Fetal Efavirenz Exposure Linked To Microcephaly

by Prachee published on -

 Likes  Comments

Antiretroviral treatments are an effective way of protecting babies against HIV transmission from mothers. However, a new study has highlighted the intense side-effects possible with the ART drug efavirenz, which may include microcephaly.

This new research article published in The Lancet HIV journal found that the use of efavirenz by pregnant women might lead to an increased risk of microcephaly for the infant. In turn, kids with microcephaly were at a higher risk for developmental delays as compared to kids with normal head size.

These conclusions were drawn for the drug efavirenz and not for any other drugs used as a part of the antiretroviral therapy, used to help people living with HIV infections and reduce the risk of HIV transmission.

“Our findings underline the importance of having alternatives to combination therapy with efavirenz for pregnant women with HIV,” said study author Rohan Hazra, M.D., chief of the Maternal and Pediatric Infectious Disease Branch of NIH’s Eunice Kennedy Shriver National Institute of Child Health and Human Development, which provided funding for the study.

red aids ribbon help carefully by two pairs of hands

Microcephaly is a condition where the circumference of the head of a child is smaller than the expected size, usually due to abnormal brain development. The team of researchers analyzed the data from a follow-up study of over 30,000 infants born to women on HIV therapy during pregnancy. The head growth of these children was measured and further classified and ranked using the Nellhaus Charts.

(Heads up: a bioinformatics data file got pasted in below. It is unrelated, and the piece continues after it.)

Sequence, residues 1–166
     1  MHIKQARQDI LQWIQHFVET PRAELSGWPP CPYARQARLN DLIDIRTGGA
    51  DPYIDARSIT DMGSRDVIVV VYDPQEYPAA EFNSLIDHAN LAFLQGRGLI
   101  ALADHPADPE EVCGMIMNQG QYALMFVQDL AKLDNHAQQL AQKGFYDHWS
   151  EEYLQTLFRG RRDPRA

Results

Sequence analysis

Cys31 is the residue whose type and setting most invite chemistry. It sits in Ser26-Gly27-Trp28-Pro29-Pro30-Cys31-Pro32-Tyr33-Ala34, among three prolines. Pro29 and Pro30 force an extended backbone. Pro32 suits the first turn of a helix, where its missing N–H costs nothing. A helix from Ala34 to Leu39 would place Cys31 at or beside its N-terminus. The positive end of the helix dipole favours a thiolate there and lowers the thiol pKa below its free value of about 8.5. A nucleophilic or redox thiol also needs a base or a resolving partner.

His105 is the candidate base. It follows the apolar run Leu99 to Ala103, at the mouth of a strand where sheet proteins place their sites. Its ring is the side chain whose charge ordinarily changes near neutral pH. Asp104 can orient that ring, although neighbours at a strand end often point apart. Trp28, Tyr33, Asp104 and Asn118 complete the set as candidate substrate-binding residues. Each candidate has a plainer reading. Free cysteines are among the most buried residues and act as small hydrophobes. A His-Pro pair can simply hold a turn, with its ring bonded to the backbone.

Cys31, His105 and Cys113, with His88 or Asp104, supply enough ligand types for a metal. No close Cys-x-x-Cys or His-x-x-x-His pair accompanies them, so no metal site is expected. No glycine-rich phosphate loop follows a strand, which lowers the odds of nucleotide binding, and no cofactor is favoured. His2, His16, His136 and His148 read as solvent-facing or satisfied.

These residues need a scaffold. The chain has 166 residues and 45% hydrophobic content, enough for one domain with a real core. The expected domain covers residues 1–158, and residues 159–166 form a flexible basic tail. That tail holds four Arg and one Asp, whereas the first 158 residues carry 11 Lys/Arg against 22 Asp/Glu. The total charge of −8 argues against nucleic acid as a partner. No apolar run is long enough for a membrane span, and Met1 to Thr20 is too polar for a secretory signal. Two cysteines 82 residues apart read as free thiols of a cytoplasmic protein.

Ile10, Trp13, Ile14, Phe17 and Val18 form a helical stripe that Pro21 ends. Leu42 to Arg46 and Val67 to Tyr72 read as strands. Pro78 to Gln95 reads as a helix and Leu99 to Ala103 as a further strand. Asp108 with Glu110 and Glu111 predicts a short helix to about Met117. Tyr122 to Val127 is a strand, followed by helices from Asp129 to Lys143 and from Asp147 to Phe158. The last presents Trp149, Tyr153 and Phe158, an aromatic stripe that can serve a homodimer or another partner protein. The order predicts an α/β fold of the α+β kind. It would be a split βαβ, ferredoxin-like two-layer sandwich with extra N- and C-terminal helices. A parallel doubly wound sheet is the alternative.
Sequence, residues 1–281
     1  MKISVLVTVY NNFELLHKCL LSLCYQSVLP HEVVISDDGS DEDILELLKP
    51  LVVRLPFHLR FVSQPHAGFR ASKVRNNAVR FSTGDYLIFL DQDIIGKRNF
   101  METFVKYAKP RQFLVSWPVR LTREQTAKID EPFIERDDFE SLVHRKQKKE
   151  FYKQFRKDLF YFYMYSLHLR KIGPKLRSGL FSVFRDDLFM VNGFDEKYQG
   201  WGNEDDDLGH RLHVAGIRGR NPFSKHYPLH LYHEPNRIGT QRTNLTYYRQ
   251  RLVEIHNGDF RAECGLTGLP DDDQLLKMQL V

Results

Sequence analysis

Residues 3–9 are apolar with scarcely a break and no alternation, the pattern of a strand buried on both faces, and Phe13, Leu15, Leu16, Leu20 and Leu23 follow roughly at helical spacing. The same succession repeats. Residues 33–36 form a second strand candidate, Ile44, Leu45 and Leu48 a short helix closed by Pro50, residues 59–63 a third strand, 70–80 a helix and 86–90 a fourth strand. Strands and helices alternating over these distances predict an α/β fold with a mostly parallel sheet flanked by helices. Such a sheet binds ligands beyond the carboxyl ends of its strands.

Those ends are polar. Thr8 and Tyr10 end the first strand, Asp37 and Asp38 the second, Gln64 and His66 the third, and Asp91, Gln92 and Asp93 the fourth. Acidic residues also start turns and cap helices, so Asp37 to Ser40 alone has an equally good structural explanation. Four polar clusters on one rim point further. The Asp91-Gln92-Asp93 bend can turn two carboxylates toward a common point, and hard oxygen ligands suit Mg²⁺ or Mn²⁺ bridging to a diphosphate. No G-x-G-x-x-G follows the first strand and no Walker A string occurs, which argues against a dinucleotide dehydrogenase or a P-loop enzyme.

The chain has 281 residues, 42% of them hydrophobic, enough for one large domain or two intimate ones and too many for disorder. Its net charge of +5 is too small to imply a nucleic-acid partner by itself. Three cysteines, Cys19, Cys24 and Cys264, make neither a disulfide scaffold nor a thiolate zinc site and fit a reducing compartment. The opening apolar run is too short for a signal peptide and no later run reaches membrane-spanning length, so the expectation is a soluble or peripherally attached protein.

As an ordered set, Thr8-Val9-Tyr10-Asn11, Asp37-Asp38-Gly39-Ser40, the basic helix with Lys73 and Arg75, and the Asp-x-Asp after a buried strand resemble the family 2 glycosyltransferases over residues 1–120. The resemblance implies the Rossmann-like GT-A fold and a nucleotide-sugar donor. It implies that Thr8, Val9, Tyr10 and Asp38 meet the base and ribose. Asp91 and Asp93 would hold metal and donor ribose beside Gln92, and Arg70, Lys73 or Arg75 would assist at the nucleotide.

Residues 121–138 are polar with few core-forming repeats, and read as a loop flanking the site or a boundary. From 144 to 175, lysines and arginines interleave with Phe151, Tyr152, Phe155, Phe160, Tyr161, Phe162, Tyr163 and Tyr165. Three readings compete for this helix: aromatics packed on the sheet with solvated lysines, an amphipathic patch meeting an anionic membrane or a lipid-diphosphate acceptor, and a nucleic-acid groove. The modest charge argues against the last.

Known side effects of efavirenz, commonly available under the brand name ‘Sustiva’, include mental health problems, liver problems, and potential risk of birth defects when taken by pregnant women.

DMCA.com Protection Status
Last updated -
About the Author

Prachee is a content writer for Organic Facts and is responsible for writing on the latest wellness trends. A former Journalism & Media teacher, she prides herself on being able to seamlessly dabble between health, science, and technology. She has completed her Masters in Communication Studies from the University of Pune, India as well as an online course on “Introduction to Food and Health” from Stanford University, US. Prachee fancies herself to be a poet and a cook when the rare lightning of inspiration strikes.

Rate this article
Average rating 0.0 out of 5.0 based on 0 user(s).

Latest Health News:

A woman clinician injecting a young girl.

Increase Screening Of Asymptomatic People For COVID Control

With the coronavirus pandemic showing signs of slowing down, there is an increased need for precaution to ensure that it does not flare up again. New research,…

READ MORE
Group of wood figurines huddled together with one figure outside the group.

Pandemics, Epidemics Can Worsen Social Prejudices

A time of crisis can exacerbate our social prejudices, particularly bigotry and xenophobia. A study, published in the journal Proceedings of The Royal Society,…

READ MORE
Graphic of the human brain

Research Reveals How Memory Works

Why do our memories not get muddled with other new events? Why are they long-lasting? Researchers from the University of Bristol may have found answers to…

READ MORE